Our focus here is on the sequential insight that governments do not first need access to tax revenues to spend. This enables tax policies to be more fully viewed and understood in terms of a broader range of macroeconomic and societal functions. The implication of such an observation is as much political and discursive, in terms of widening public debates, political narratives and shifting mind-sets, as it is economic and technical. It also has potential consequences for the research agendas of social scientists focused on tax. Tax policy decisions become less about their utilitarian revenue raising merits and more about their wider macroeconomic effects – as well as the extent to which they enable governments and societies to realise objectives and priorities that the democratic process and societal deliberation deem important – or their social purpose and the kind of economic system and social settlement to which they contribute (Baker, 2018).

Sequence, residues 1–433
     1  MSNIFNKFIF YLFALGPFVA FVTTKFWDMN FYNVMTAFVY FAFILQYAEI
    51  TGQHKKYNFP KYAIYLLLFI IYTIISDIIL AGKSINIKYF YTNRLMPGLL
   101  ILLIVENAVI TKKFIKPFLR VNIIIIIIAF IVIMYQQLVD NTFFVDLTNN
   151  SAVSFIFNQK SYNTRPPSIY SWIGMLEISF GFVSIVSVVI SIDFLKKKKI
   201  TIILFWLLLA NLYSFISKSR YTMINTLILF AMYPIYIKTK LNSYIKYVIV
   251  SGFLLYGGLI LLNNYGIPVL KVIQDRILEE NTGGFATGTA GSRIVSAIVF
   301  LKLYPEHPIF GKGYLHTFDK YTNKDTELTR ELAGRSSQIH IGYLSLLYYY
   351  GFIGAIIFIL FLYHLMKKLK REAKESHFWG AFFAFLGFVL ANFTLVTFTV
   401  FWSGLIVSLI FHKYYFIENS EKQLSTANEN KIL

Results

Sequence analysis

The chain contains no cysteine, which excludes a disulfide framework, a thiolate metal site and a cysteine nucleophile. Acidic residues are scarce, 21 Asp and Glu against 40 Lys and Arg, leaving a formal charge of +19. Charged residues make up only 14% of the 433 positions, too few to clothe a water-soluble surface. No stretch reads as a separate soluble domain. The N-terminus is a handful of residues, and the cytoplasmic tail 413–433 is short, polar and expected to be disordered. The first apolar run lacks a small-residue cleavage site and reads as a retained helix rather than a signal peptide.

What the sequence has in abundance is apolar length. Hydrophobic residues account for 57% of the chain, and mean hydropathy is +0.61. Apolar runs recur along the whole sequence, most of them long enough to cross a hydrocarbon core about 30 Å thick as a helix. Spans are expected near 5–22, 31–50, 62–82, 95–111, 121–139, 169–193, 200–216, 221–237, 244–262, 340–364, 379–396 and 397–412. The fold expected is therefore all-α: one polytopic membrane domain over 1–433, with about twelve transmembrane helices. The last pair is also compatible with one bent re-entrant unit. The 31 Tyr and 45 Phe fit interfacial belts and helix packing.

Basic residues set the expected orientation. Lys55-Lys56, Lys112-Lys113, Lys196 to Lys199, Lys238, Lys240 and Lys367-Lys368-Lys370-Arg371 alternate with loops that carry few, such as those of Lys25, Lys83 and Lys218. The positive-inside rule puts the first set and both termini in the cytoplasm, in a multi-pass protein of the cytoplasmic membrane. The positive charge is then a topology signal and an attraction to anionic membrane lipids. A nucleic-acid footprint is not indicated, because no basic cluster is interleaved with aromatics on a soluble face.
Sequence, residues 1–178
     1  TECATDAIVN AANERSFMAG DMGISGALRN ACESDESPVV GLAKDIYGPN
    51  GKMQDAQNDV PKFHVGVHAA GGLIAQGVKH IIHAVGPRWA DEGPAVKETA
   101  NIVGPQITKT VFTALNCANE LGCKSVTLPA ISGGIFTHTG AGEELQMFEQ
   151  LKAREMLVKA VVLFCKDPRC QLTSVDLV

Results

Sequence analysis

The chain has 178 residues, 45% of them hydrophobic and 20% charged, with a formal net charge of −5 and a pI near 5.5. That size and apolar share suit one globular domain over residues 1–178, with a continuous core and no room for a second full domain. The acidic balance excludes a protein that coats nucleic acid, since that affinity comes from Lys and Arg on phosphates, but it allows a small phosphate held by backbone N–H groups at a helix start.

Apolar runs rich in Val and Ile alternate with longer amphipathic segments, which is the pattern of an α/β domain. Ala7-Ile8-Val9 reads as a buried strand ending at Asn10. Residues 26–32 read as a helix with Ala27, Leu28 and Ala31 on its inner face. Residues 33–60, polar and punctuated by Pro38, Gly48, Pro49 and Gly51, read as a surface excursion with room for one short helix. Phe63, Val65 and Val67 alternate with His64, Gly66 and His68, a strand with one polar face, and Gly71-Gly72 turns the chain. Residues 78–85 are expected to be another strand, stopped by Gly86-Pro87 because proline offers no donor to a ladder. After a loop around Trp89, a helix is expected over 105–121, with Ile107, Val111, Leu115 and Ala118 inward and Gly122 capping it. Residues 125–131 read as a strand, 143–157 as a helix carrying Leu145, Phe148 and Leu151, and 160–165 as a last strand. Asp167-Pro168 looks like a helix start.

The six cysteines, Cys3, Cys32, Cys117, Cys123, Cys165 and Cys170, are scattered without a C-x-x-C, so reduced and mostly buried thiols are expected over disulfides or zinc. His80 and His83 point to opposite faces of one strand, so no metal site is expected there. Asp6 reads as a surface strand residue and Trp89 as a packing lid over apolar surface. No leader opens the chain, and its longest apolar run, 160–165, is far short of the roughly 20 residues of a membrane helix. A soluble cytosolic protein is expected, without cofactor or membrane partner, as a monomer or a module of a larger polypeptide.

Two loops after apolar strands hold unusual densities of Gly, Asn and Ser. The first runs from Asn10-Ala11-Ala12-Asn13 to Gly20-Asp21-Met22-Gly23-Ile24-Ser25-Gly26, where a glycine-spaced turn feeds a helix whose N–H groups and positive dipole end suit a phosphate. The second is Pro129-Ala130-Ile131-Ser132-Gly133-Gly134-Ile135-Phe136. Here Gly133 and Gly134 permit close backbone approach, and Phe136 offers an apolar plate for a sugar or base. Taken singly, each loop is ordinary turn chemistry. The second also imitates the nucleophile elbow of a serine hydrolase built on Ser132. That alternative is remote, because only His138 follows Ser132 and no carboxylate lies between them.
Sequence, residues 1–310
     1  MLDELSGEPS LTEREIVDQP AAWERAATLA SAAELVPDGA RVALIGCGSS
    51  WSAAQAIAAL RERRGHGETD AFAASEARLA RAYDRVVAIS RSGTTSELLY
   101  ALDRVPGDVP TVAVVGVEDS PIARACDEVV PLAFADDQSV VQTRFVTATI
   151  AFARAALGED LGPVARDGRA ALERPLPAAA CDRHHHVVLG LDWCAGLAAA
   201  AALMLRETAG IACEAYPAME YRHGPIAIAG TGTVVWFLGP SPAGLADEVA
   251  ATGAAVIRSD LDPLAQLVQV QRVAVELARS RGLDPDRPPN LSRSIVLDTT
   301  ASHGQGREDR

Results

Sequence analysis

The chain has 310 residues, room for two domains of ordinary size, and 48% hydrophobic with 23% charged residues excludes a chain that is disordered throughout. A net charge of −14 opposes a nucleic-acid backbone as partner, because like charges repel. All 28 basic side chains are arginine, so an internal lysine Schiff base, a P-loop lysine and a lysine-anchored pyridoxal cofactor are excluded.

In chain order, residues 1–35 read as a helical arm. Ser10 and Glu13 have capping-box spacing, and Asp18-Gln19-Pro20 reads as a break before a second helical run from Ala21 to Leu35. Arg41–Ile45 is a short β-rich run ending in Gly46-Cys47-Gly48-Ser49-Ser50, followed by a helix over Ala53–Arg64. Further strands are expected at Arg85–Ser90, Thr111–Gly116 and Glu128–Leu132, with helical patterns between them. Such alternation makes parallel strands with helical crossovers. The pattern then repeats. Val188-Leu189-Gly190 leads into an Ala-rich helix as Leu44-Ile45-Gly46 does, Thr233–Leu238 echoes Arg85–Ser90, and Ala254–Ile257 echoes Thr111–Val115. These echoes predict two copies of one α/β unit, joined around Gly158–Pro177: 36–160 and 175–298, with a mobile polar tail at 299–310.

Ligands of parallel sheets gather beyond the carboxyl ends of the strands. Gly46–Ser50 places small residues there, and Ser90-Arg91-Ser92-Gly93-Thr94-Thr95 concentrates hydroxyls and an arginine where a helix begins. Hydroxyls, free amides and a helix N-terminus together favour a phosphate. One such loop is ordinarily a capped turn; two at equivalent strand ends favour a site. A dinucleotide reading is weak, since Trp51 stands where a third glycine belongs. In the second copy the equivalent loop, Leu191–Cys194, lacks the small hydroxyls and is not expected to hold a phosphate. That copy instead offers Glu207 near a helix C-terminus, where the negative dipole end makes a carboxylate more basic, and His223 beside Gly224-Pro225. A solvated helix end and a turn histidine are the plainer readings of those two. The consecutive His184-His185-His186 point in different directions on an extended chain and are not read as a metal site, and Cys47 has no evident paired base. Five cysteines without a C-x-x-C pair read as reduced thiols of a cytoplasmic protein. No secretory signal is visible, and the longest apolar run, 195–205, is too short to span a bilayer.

One example, of the kind of mind-set shift these MMT derived observations facilitate is provided by corporation tax. In the UK, public debate focuses on the appropriate level of corporation tax to most efficiently raise revenue (IFS, 2017; Jackson and Houlder, 2017). But this is a limited way of assessing the merits of particular policies. While corporation tax can be an important revenue raising device, especially in developing countries, the reasons for its original introduction go far beyond revenue raising capacity. Corporation and capital gains taxes have a long-standing defensive rationale. That is they reinforce and buttress other direct taxes such as income tax, or social security, maintaining the integrity and functioning of tax systems as integrated entities. Without these taxes, it becomes easier for individuals to present income as a capital gains, or to transfer it to a company structure, leaving it untaxed.